More than a year later, in Egypt’s first free presidential election, the famously feisty women of the Arab Spring have vanished from the political horizon. Although millions turned out to vote, none were on the ballot. And in the parliamentary election in January, only 2 per cent of seats were won by female candidates after a quota system was dropped.
Where are the women? And why are they falling behind so dramatically after a promising start?
“The omission of equal participation for women brings us back to square one,” the Cairo-basedEgyptian Center for Women’s Rights, which monitors women’s political progress, said in a report earlier this year. “The low presence of women representatives is inconsistent with the principles of citizenship and equality.”
In the parliamentary election, more than 200 women were nominated on party lists — but political parties put them at the bottom, so candidates had less chance of being elected in a proportional vote. A misinformation campaign also claimed that some active female candidates had withdrawn.
In this week’s election — called the most significant in Egypt’s modern history — only one woman, former TV personality Bothaina Kamel, came close to registering as a candidate, and she failed to get enough signatures to qualify for the ballot. Her foiled run infuriated some Islamist MPs, and she reportedly received death threats.
Thirteen men, though, made it to the first round, many of them holdovers from the Hosni Mubarak regime or long-repressed Islamists who believe their time has come.
The invisibility of women in the political arena is misleading, women’s advocates say: the strong female presence of Tahrir Square hasn’t vanished, but fanned out to civil society groups that are working diligently to build a new and more equal Egypt.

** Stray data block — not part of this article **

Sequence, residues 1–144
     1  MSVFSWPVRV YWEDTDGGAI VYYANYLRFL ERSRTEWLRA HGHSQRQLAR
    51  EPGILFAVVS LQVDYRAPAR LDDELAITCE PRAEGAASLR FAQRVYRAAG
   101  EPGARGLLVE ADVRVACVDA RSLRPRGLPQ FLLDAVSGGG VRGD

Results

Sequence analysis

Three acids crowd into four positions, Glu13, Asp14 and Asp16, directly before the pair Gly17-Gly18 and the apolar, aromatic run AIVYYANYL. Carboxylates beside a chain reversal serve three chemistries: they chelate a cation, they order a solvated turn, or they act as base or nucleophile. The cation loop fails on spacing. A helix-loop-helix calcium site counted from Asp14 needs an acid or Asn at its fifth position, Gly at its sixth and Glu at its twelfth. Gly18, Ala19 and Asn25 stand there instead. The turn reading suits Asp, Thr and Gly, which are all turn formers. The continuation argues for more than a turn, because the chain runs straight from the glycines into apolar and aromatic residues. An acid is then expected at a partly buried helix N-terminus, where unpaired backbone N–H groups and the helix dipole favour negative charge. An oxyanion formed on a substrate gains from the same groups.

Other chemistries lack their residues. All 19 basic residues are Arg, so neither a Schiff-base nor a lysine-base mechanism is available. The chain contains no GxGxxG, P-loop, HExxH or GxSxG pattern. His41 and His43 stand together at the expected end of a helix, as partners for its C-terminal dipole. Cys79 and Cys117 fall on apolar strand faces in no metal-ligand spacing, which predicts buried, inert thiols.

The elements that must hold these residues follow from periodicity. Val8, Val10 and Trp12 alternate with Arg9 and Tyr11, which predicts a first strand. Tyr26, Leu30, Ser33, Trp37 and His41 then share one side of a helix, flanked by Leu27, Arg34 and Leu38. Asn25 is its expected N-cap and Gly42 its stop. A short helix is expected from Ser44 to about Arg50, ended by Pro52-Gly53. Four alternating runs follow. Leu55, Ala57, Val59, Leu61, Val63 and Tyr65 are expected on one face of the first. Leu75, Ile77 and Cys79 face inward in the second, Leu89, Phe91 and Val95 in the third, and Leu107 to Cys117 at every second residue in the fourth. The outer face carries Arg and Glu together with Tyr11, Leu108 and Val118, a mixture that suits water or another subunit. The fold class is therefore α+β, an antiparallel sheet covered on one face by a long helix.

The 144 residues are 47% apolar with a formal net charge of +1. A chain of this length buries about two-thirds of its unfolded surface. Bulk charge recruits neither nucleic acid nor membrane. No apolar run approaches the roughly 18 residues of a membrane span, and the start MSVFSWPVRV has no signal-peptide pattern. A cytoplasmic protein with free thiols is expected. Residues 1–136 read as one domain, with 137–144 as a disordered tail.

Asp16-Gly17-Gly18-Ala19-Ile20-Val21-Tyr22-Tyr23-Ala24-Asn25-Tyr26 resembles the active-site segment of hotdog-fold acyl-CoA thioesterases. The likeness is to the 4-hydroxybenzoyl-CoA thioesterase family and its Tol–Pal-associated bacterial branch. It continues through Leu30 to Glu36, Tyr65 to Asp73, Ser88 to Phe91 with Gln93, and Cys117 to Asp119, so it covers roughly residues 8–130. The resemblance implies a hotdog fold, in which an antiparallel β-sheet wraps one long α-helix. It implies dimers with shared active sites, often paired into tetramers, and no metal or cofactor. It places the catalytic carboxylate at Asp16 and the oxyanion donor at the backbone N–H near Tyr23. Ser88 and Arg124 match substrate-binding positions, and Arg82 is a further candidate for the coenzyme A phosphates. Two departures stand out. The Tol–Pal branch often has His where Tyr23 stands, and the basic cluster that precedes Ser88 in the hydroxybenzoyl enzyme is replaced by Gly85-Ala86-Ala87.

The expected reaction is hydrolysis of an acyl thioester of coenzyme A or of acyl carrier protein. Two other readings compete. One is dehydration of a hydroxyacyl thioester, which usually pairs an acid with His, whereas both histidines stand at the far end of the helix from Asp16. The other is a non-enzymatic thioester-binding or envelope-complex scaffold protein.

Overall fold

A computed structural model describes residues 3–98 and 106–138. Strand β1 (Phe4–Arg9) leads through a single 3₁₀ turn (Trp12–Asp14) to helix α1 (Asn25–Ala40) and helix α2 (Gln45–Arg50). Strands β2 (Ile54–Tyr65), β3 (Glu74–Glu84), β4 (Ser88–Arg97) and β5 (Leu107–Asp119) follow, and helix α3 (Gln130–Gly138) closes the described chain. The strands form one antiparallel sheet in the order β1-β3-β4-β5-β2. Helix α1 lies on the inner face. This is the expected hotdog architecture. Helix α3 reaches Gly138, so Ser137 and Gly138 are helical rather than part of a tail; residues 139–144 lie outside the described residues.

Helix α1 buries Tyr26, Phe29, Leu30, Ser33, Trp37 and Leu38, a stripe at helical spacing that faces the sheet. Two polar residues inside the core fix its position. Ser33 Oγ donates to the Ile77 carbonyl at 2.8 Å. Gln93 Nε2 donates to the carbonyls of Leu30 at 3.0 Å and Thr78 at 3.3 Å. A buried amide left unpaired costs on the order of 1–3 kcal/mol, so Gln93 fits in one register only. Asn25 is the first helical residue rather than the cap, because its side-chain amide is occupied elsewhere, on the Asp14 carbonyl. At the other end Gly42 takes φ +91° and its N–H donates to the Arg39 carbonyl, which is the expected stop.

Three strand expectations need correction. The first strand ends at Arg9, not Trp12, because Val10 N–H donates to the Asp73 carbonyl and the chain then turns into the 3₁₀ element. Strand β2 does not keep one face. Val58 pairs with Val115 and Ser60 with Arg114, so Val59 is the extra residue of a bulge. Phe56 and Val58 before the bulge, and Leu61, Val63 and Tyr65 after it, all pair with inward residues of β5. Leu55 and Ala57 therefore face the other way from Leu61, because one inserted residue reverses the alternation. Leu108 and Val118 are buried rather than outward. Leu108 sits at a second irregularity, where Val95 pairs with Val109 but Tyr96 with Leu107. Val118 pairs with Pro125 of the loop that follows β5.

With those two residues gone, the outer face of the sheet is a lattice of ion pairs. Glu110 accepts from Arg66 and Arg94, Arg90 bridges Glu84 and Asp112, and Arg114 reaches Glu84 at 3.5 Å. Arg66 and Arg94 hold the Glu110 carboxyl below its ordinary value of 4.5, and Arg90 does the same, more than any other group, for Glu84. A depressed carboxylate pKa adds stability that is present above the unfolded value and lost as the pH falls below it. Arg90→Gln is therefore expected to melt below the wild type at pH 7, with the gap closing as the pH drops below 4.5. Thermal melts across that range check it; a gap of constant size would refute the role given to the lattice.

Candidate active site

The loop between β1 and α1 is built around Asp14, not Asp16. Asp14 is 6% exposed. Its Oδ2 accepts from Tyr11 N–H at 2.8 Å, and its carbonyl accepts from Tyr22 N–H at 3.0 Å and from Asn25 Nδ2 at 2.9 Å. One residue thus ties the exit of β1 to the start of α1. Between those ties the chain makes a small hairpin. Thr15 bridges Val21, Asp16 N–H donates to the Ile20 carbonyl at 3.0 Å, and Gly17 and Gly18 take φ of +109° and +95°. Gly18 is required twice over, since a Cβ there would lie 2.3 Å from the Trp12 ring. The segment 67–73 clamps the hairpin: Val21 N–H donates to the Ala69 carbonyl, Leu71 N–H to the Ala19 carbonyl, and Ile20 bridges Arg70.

“Women are very much part of the revolutionary movement,” says Eileen Alma, program officer with the Ottawa-based International Development Research Centre, which works with Middle Eastern women’s groups. “It would be wrong to think they’ve disappeared. There is some disappointment that it hasn’t translated into meaningful gains, but they are active and engaged in many struggles at once.”
What holds women back most is the environment they are struggling against — the equivalent of political quicksand.
“Even if the Islamists are aggressive in their decisions regarding women’s rights, the military does not even see us,” feminist scholar Mozn Hassan told GlobalPost.
The powerful military establishment’s tone-deafness to women’s equality isn’t surprising, says Andrew McGregor of the Jamestown Foundation, author of A Military History of Modern Egypt.
“I don’t think they are under any pressure to change, because Egypt is still a very conservative society. Their attitude is not so different from the general attitude to women,” he said. “I think we spend too much time looking at what happens in the urban centres, where there is more turmoil. But 60 per cent of the population is living in a rural environment where the local sheikh is running the show.”
In spite of vocal protests, only six women were chosen by the Islamist-dominated parliament to join the 100-person assembly formed to draft the new constitution. And advocates fear that without constitutional guarantees, religion-based laws could be introduced to roll back women’s rights — such as lowering the marriage age to 13, and preventing women from suing for divorce.
Not all women shun the Islamist parties — in fact, most of the 10 female members of Parliament belong to the Muslim Brotherhood’s Freedom and Justice Party. But some activists see the growing influence of religion as a threat, in a country where women have enjoyed more rights and freedoms than many of Egypt’s Arab neighbours.
In the months ahead, much will also depend on the outcome of the presidential poll. Amr Moussa, one of the most liberal candidates, has promised to appoint a female vice-president if elected.
But those who try to impose traditional constraints on Egyptian women will face strong resistance, Alma says.
“There is a new generation coming up who might not be so willing to accept those conditions. We have got to this state in Egypt because of dissatisfied youth. There is huge potential for these young women — and huge risks.”